The NordLink connects Norway and Germany with “green” energy from water and wind, which we learned about in the previous part of our mini-series. However, there are other alliances for a better supply of electrical energy in Europe and the world. The so-called synchronous networks are large-scale, spatially adjacent and electrically connected power grids that link a large number of power plants with consumers. In this way they represent a contrast to the island networks, which function autonomously.
The north-south line built in the 1920s represented the first step towards a synchronous grid in Germany. At the time of the Second World War, work began to extend high-voltage lines to Belgium, the Netherlands and France, thus laying the foundation for the first part of the European synchronous network.
The Central European synchronous grid is a close-meshed electricity network consisting of high-voltage and extra-high-voltage lines for the distribution of electrical energy, which extends across the whole of Europe. The foundation of the UCPTE (Union pour la coordination de la production et du transport de l’électricité) in 1951 created the basis for the common synchronous system in which the countries Austria, Belgium, France, Germany, Italy, Luxembourg, the Netherlands, Switzerland and France participated. Due to the liberalisation of the electricity market, the UCPTE was transformed into the UCTE (Union for the Coordination of Transmission of Electricity) in 1999. In the meantime, a number of other European countries, such as Greece, Poland and Croatia, have also joined. For decades, the UCTE was responsible for the coordination of operations and the expansion of the European network and supplied a total of over 400 million consumers.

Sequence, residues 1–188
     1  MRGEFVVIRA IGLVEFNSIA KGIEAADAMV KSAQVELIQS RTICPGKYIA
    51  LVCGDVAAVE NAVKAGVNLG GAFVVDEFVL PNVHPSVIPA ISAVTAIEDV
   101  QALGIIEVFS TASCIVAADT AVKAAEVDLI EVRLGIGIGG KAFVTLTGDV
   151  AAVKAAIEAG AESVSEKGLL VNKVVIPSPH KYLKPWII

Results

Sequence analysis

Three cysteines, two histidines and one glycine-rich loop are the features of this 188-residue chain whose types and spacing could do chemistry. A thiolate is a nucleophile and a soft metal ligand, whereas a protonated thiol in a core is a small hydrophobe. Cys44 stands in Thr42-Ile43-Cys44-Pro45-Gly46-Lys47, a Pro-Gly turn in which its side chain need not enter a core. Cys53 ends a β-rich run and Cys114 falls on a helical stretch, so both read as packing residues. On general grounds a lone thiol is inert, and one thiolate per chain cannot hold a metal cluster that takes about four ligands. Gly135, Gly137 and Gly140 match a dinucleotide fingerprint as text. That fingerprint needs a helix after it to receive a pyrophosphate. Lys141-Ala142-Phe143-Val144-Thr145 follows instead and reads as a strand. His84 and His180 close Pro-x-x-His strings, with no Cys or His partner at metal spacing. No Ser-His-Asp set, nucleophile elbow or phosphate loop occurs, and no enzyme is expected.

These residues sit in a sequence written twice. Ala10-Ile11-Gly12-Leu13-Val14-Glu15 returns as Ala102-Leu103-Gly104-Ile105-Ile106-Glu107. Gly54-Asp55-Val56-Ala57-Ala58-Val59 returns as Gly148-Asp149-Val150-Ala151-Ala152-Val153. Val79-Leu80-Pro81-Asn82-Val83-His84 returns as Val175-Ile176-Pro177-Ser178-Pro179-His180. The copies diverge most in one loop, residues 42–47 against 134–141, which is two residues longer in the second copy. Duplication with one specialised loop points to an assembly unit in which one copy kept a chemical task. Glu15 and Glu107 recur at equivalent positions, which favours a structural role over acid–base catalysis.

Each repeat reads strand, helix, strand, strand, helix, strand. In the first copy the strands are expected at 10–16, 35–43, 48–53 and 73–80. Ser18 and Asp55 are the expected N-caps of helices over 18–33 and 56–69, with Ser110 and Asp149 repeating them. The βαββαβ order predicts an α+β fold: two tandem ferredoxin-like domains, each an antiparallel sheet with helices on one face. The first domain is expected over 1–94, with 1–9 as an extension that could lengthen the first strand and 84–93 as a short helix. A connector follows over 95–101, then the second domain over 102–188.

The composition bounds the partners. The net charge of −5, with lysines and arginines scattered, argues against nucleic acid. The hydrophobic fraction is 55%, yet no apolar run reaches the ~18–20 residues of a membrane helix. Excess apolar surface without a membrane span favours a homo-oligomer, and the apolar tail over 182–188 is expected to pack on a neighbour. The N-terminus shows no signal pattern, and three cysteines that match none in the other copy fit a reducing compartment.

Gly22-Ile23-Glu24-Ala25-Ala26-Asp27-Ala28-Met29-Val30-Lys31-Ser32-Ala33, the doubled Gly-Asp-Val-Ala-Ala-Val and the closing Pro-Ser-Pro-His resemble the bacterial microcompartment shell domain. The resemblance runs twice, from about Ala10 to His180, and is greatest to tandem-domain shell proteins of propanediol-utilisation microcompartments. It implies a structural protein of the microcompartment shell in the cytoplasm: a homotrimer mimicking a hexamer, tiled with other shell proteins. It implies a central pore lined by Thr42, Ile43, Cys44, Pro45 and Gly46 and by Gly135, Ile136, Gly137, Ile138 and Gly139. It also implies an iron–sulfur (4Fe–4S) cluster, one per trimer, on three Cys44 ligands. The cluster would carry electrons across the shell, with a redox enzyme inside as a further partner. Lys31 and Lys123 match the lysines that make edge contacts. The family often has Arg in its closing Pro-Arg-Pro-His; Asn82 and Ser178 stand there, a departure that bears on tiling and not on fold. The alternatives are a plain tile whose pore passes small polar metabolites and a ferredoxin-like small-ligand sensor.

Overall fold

The tasks of the UCTE were then taken over by the umbrella organisation of transmission system operators ENTSO-E (European Network of Transmission System Operators for Electricity) from 1 July 2009. However, the technical limitations of the synchronous grids and the former UCTE have remained unchanged, which means that synchronous grids in other countries cannot be directly connected electrically. One of the reasons for this is that it is not yet possible to cover long distances, for example over the sea floor. As a result, distant islands such as Iceland or Great Britain cannot be connected to the European grid and must maintain their own island grids.
However, there are also many advantages of synchronous networks, which is one of the reasons why they have been developed so much. A major advantage is that the local difference between supply and demand of instantaneous power can be better balanced within the synchronous network and less balancing power has to be kept available in relation to the total installed power. In addition, power fluctuations can be better compensated for in the short term by power exchange than by regulating the power plants alone. This significantly increases the reliability of the network as a whole.
In the next article we will look at what makes networks reliable and discuss the importance of “power quality”. morEnergy GmbH – the network experts.